1 c13 11. These observations spurred conceptual models which do not capture the complexity of shale structures..15.8 10 12. Using Sayers’ theory. Pressure and effective pressure dependencies Many conventional reservoirs are overpressured and sealed c33 Lab Dipole Rus-2 30. see Terms of Use at http://segdl. Scale therefore is an inherent issue with anisotropy measurements.6 14 12. 2008. 2008). that is. The organization of these minerals at some scale partially controls the apparent anisotropy of shales.1 c11 49. els.35 produces a 1:1 relationship between and .Shales Figure 8. The results are compared in Table 2 to core measurements made on three 1-inch diameter by 1-inch long core plugs and measurements determined from a dipole sonic log run over the same depth interval from where the cores and resonance sample were recovered.8 c66 20. personal communication). We would therefore anticipate a variation in observed anisotropy with the scale of observation. 2002). Anisotropy is a generic characteristic of almost all crystal symmetry classes. simple composites of isotropic materials with welded boundaries result in overall anisotropic elastic behavior.4 fits the data best.4 36 27. Clay platelets are highly organized on a local level and are a complex of crystals and rather lenticular pores (Sondergeld et al. personal communication). Such comparisons are rare. we find that values of the ratio of BN/BT from 0.8 cover the breadth of data plotted in Figure 6 and that a value of 0. Previous imaging capabilities produced images from fractured surfaces which show grain pull-outs and not true interparticle pores (Sayers. 2010). Downloaded 06 May 2012 to 129. from mm to tens of centimeters). statistically insignificant but certainly enticing and suggestive.129 mm) shale sample used for ultrasound resonance measurements of anisotropic elastic properties (Leisure. Lower organic matter densities suggest organic volumes are greater than previously thought.7 Table 2.e.5 17. 1962) to estimate what various concentrations of these components would do to the overall anisotropy.8 × 0. anisotropy measurements on small core plugs may not sense what a logging tool does at the meter scale or what a seismic wavelength senses at tens to hundreds of meters. A value of about 0. 200. Redistribution subject to SEG license or copyright. This has implications for determining the net to gross in a sand-shale sequence. In addition. However. The magnitude of anisotropy is dependent in a predictable way on the volumetric concentration of the constituents. hampering theoretical modeling of shale systems.109.2 20. Further observations reveal the organic matter to have porosities in excess of 50%.7 c12 9. Above (Figure 8) is a picture of a small (1.2 to 0. Composites of anisotropic and isotropic materials with welded boundaries result in a system which can possess even stronger elastic anisotropy. The values presented in Table 2 suggest the anisotropy observed in this section of the shale is homogeneous over the range of scales sampled (i. we can use a simple Backus average (Backus. The existence of porosity in organic matter changes the generic 2:1 conversion of weight percent TOC to volume percent..744 × 1. Elastic constants are given in GPa. The fundamental properties of clays and organics remain poorly defined and estimated values span considerable ranges (Prasad. Shale anisotropy has multiple causes which complicate 328 The Leading Edge March 2011 the interpretation of anisotropy measurements made on shales.org/ . consistency among measurement scales would suggest anisotropic homogeneity. A resonant ultrasound sample of Barnett Shale used to measure the anisotropic elastic constants.Note that the dipole was run in a deviated portion of the wellbore (Plona.105.1 c44 12. Assuming the properties for sand and shale presented in Table 1. Comparison of elastic constants made on shale samples and derived from a dipole log.9 55 53.5 15 15.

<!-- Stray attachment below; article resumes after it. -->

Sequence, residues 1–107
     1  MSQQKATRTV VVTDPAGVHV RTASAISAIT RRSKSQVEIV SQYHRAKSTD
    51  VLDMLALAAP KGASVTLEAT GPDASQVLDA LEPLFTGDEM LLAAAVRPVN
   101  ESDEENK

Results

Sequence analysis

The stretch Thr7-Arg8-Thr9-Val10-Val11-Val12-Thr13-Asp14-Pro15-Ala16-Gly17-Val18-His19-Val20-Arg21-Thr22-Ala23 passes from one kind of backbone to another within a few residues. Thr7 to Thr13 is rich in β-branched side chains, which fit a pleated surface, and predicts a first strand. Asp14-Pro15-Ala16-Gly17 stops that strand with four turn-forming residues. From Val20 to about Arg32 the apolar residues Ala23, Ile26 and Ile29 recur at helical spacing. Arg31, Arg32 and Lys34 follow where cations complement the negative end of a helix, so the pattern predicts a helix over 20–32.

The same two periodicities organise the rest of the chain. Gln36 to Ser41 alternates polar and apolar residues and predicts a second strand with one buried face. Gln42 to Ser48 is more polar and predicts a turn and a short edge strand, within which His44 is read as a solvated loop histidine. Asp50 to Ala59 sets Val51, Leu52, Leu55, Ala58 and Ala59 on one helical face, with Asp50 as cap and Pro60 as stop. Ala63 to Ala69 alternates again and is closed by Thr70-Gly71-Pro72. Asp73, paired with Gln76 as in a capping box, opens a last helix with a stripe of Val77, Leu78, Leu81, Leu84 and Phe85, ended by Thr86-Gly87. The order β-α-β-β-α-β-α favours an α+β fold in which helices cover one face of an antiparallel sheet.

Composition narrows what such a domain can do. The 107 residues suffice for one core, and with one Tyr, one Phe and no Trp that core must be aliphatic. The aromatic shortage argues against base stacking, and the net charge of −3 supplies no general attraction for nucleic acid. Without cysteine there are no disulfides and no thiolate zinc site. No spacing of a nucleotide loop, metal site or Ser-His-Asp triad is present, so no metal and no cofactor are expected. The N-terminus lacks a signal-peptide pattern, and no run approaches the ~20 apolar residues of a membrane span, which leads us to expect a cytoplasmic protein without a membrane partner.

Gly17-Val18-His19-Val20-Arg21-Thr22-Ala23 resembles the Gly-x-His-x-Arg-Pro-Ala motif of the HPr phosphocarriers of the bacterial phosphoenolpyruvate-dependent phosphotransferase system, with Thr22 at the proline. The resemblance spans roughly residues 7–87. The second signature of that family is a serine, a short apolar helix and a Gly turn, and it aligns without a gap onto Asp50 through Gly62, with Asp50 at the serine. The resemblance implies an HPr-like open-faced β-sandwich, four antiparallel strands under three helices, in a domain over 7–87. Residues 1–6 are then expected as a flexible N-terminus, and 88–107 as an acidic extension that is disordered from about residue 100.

depending on the property. Differential pressure was maintained at 500 psi. We attribute this to the microstructural difference (Sondergeld et al. Figure 11. vertical and 45˚ core plugs as a function of confining pressure with constant differential pressure. Increasing and decreasing pressure tests are shown. and vertical plug samples from Woodford (W) and Haynesville (H) gas shales as a function of confining pressure. Zimmerman (1991) gives an excellent treatment of the topic. see Terms of Use at http://segdl. and 45˚ gas shale plugs saturated and pressurized with nitrogen. for our discussion. the pore pressure is in excess of an equivalent hydrostat to that depth. Thus the effect of pressure and overpressure on shale behavior becomes of interest. In accord with the observations by Rai and Hanson (1998). by shales. Pconf. implying there is an impermeable barrier bearing the gradient of this transition from normal to overpressure. The consequence of these observations is that the Haynesville is more likely to display a strong pressure signature upon depletion than the Woodford. we observe this velocity behavior in the Woodford shale (Figure 9). In other lithologies. Predictably.. The slope in the vertical plug is caused by the longer pore-pressure equilibration times due to the lower permeability perpendicular to bedding. and S-wave. the fundamental question is: Do velocities in shale obey the effective pressure law? If so. Compressional velocities measured on horizontal. The measured compressional velocities are presented in Figure 9 and the computed P-wave and S-wave anisotropies are plotted in Figure 10 as a function of confining pressure. anisotropies in Woodford (W) and Haynesville (H) gas shales as a function of confining pressure.109.105. Measured compressional-wave speeds in vertical. While the exact value of can be critical. the pressure dependence of velocity in the Haynesville shale is strong. Hornby (1994) found that porepressure equilibration times are very long in these laboratory experiments. Pconf is the confining pressure. this is normally interpreted as a manifestation of desiccation cracks parallel to bedding. this pressure dependency is also observed in the pressure dependence of the anisotropic parameters and . 45˚. A few gas-shale reservoirs are highly overpressured. horizontal. . Nitrogen is the pressurizing fluid. However. If the reservoir is overpressured. fresh and well-preserved shales show little pressure dependence. Figure 11 shows measurements of P-wave velocities on horizontal. The horizontal slopes suggest = 1 for the horizontal and 45˚ plugs.org/ . The pressure dependence of Woodford Shale anisotropy differs markedly from that of the Haynesville Shale. Redistribution subject to SEG license or copyright. We have carried out similar measurements on a suite of gas shale samples from the Woodford and Haynesville shales. Figure 10. 2010). 2010). to be both greater and less than 1. March 2011 The Leading Edge 329 Downloaded 06 May 2012 to 129. The mechanical behavior of the overpressured system obeys the effective pressure law: where Peff is the effective pressure. The Woodford Shale displays much less pressure-dependence than the Haynesville Shale. this topic has been studied extensively. making seismic a potential management tool to monitor compartmentalization or bypassed gas. Ppore is the pore pressure and is the Biot coefficient. Pconf. However. Computed values of P-wave. . velocity perturbations induced by excess pore pressure can be used to detect and estimate pore pressures in shales. is an empirical constant which has static and dynamic definitions and has been measured.Shales Figure 9.. These are plots of P-wave velocities at constant differential pressure (Pd = 500 psi).15. detailed scanning electron microscopy of ion-milled samples reveals the microstructure of the Haynesville is dominated by intrinsic slot-like micropores which impart this pressure dependence (Sondergeld et al. Hornby (1998) demonstrated that two shales appear to obey the effective pressure law through direct measurements on brinesaturated North Sea shales.